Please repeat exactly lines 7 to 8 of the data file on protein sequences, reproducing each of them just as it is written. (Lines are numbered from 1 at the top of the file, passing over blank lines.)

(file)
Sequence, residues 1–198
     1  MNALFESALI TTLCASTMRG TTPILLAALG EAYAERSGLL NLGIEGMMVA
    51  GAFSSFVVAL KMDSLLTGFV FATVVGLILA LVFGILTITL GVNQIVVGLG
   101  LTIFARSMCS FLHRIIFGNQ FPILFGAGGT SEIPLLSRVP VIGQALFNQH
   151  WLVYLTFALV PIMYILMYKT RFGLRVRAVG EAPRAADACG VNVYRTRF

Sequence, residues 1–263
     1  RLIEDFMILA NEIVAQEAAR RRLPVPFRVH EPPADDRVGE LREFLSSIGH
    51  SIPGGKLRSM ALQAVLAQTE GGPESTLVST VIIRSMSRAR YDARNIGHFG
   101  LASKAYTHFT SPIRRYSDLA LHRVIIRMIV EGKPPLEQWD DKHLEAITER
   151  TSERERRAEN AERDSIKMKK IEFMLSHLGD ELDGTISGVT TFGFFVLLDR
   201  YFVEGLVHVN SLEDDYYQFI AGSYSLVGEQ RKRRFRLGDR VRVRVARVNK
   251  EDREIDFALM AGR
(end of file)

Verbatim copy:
     1  RLIEDFMILA NEIVAQEAAR RRLPVPFRVH EPPADDRVGE LREFLSSIGH
    51  SIPGGKLRSM ALQAVLAQTE GGPESTLVST VIIRSMSRAR YDARNIGHFG